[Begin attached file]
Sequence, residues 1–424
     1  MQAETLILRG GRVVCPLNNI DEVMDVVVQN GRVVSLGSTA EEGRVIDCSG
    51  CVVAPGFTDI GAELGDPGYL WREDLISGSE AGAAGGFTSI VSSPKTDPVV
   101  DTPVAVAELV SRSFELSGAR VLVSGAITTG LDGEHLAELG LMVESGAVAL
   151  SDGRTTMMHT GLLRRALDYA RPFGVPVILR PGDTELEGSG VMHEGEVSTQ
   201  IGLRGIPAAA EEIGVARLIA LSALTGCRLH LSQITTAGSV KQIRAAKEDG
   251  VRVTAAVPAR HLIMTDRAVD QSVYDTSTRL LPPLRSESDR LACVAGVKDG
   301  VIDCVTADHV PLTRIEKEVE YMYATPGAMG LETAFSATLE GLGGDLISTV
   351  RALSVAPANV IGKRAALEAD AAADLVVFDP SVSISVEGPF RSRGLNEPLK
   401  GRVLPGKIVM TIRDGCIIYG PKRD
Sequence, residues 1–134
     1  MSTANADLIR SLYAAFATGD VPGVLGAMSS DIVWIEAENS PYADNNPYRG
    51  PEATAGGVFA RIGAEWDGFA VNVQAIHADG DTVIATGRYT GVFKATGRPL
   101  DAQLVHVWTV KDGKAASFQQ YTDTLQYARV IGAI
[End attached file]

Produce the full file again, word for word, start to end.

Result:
Sequence, residues 1–424
     1  MQAETLILRG GRVVCPLNNI DEVMDVVVQN GRVVSLGSTA EEGRVIDCSG
    51  CVVAPGFTDI GAELGDPGYL WREDLISGSE AGAAGGFTSI VSSPKTDPVV
   101  DTPVAVAELV SRSFELSGAR VLVSGAITTG LDGEHLAELG LMVESGAVAL
   151  SDGRTTMMHT GLLRRALDYA RPFGVPVILR PGDTELEGSG VMHEGEVSTQ
   201  IGLRGIPAAA EEIGVARLIA LSALTGCRLH LSQITTAGSV KQIRAAKEDG
   251  VRVTAAVPAR HLIMTDRAVD QSVYDTSTRL LPPLRSESDR LACVAGVKDG
   301  VIDCVTADHV PLTRIEKEVE YMYATPGAMG LETAFSATLE GLGGDLISTV
   351  RALSVAPANV IGKRAALEAD AAADLVVFDP SVSISVEGPF RSRGLNEPLK
   401  GRVLPGKIVM TIRDGCIIYG PKRD
Sequence, residues 1–134
     1  MSTANADLIR SLYAAFATGD VPGVLGAMSS DIVWIEAENS PYADNNPYRG
    51  PEATAGGVFA RIGAEWDGFA VNVQAIHADG DTVIATGRYT GVFKATGRPL
   101  DAQLVHVWTV KDGKAASFQQ YTDTLQYARV IGAI